At last: Spain's 'Mr Shady' goes behind bars

The Local
The Local - [email protected] • 2 Dec, 2014 Updated Tue 2 Dec 2014 10:28 CEST
At last: Spain's 'Mr Shady' goes behind bars

Carlos Fabra, the man responsible for Spain's infamous 'ghost airport' in Castellón finally went to prison on tax fraud charges on Monday, after a decade-long legal battle and a lengthy appeals process.


Fabra, the former president of the conservative Popular Party in Castellón province, entered Spain's Aranjuez prison on Monday after a judge gave him five days in which to voluntary enter a facility of his choice.

He will spend four years at the prison after being found guilty of tax fraud in November 2013. A supreme court appeal was later overturned in July.

"Nobody likes to see him (Carlos) in this position, but in the end it shows justice finds everyone," said Valencia's president Alberto Fabra, also with the Popular Party, on the politician's imprisonment. 

At his November 2013 trial, Fabra was found not guilty of influence peddling and blackmail. He was, however, sentenced to four years in prison after he and his ex-wife were found to have €3.2 million ($4.1 million) in unexplained earnings from 1999 to 2004, Spain's El Mundo newspaper reported.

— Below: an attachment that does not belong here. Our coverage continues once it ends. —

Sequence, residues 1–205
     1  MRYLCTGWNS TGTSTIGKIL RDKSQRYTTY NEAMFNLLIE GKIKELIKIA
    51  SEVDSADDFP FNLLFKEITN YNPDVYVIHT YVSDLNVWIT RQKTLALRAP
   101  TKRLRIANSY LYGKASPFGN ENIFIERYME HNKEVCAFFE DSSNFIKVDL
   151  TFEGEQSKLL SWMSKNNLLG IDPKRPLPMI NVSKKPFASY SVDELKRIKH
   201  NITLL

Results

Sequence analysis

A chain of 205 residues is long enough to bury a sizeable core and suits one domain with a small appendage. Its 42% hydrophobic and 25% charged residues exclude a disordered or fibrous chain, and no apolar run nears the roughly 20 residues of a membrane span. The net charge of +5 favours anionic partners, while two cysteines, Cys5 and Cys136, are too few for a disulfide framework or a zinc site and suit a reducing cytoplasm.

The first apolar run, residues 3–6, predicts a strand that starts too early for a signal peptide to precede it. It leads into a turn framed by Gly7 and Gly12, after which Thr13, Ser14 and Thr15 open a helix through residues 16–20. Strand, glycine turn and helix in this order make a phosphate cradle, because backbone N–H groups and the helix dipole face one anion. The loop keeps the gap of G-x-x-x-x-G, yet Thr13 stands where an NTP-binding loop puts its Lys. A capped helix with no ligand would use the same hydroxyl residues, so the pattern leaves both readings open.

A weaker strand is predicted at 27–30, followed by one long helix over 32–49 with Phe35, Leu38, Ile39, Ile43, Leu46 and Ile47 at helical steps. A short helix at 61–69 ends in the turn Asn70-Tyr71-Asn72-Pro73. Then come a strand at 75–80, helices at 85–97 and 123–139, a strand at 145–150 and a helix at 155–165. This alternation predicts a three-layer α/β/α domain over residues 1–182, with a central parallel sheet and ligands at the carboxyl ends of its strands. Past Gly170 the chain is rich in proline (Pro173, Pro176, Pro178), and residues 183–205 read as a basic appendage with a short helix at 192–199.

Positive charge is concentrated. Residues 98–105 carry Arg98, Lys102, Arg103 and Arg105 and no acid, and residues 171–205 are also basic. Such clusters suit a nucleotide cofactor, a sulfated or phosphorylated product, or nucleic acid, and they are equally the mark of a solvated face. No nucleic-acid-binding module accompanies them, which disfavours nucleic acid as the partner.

Fabra was also found guilty of failing to pay €1 million in tax.

His conviction ended a decade-long legal saga in which eight judges were unable to make charges stick.

It is said Fabra ruled Castellón province like his own private fiefdom, and he is the man behind the white elephant that is Castellón airport, which cost €150 million ($200 million), but which has yet to receive a single flight.

The former politician — who always wears sunglasses because of a childhood accident which left him one-eyed — also claims to have won the lottery seven times in the last ten years. Those wins bagged him €2.2 million, he said. 

But some experts argue fake lottery winnings are a convenient way to launder money. 

Fabra is the second high-profile public figure in Spain to go behind bars in recent weeks after lengthy legal battles. Spanish singer Isabel Pantoja, known as "Spain's widow" after her bullfighter husband's death, recently began serving a two-year prison term for money laundering after a seemingly endless series of last-ditch court appeals were rejected.


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